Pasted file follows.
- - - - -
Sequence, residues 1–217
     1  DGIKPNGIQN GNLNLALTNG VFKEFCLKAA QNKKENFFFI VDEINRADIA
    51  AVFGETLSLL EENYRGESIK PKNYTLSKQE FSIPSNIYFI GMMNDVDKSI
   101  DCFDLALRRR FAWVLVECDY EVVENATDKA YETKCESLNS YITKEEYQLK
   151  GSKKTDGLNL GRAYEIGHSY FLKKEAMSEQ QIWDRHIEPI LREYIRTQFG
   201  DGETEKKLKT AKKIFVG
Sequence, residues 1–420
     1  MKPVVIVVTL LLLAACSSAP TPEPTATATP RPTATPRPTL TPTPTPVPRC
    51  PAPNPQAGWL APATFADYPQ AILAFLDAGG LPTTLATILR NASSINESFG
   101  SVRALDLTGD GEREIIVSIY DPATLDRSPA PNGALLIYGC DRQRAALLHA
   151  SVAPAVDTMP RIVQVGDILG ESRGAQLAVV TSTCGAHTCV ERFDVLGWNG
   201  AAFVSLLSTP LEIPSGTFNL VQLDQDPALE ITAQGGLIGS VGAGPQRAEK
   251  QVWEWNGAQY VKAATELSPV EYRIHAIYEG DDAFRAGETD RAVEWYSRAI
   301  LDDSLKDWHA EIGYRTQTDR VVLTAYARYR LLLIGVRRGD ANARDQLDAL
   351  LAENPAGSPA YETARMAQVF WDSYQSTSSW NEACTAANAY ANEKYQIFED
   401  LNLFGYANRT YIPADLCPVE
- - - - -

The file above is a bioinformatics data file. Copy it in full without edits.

Sequence, residues 1–217
     1  DGIKPNGIQN GNLNLALTNG VFKEFCLKAA QNKKENFFFI VDEINRADIA
    51  AVFGETLSLL EENYRGESIK PKNYTLSKQE FSIPSNIYFI GMMNDVDKSI
   101  DCFDLALRRR FAWVLVECDY EVVENATDKA YETKCESLNS YITKEEYQLK
   151  GSKKTDGLNL GRAYEIGHSY FLKKEAMSEQ QIWDRHIEPI LREYIRTQFG
   201  DGETEKKLKT AKKIFVG
Sequence, residues 1–420
     1  MKPVVIVVTL LLLAACSSAP TPEPTATATP RPTATPRPTL TPTPTPVPRC
    51  PAPNPQAGWL APATFADYPQ AILAFLDAGG LPTTLATILR NASSINESFG
   101  SVRALDLTGD GEREIIVSIY DPATLDRSPA PNGALLIYGC DRQRAALLHA
   151  SVAPAVDTMP RIVQVGDILG ESRGAQLAVV TSTCGAHTCV ERFDVLGWNG
   201  AAFVSLLSTP LEIPSGTFNL VQLDQDPALE ITAQGGLIGS VGAGPQRAEK
   251  QVWEWNGAQY VKAATELSPV EYRIHAIYEG DDAFRAGETD RAVEWYSRAI
   301  LDDSLKDWHA EIGYRTQTDR VVLTAYARYR LLLIGVRRGD ANARDQLDAL
   351  LAENPAGSPA YETARMAQVF WDSYQSTSSW NEACTAANAY ANEKYQIFED
   401  LNLFGYANRT YIPADLCPVE